Then while we were waiting for Mochan! to come and pick us up Esa and Meri showed us that they were actually the couple that inspired the story Born Identity (JK... or am I?):


They showed us these as they were getting ready to head into the Russian embassy to get their visas to take a 2 week long, non-stop train ride across Russia back to Finland because it was "cheaper" than buying a flight. (That, or they were planing a train heist to capture the Tsar's jewels!)


After we dropped them off at the embassy we went to the "Lolita Park" where girls supposedly are known for dressing up in little bonnets and big pouffy dresses to get spotted for Japanese television. This happens really only on Sunday though, and it was Friday, so here were the slim pickings we found:


Then we ate lunch with Mochan! for one of the first times b/c we actually found a place to park the bus just around the corner from the park! So we had (once again) 7-11 sushi and things from the convenience store, and then it was back to pick up Esa and Meri as they were staying with Mochan! one more night as well, and then he dropped the rest of us off a the Lost in Translation intersection (The busiest intersection in the World!)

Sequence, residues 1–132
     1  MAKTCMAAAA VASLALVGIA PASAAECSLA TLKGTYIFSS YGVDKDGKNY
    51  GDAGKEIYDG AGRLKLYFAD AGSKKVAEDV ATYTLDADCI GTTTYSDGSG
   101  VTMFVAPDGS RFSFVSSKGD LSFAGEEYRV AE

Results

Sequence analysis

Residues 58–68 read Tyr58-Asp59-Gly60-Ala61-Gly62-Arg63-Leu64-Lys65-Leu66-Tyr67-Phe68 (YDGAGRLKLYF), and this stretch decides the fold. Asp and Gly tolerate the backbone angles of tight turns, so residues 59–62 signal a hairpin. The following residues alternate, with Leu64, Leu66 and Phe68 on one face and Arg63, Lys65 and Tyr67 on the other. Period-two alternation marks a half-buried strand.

Joe and I were meeting Shelly's husband at the dog statue here to pick up our JR rail passes, and then I didn't know what our plans for the evening were! Joe was the one in contact with Shelly all week, so I really didn't know what the plans were. Then Joe had to go to the bathroom. So I sat there at the dog, waiting for some Japanese man to find me somehow to give me our JR passes. This place turned out to be a popular meeting ground for everyone in Tokyo! There were so many people walking around looking for people, I couldn't tell which one was looking for me! Especially b/c the guy looking for me is looking for a couple, and Joe was spending his usual 30 min. in the bathroom. Then a white girl sat down next to me. "Go away! I'm tired and I need this railing to rest on! And you are totally blowing my cover as not a girl traveling with another girl!"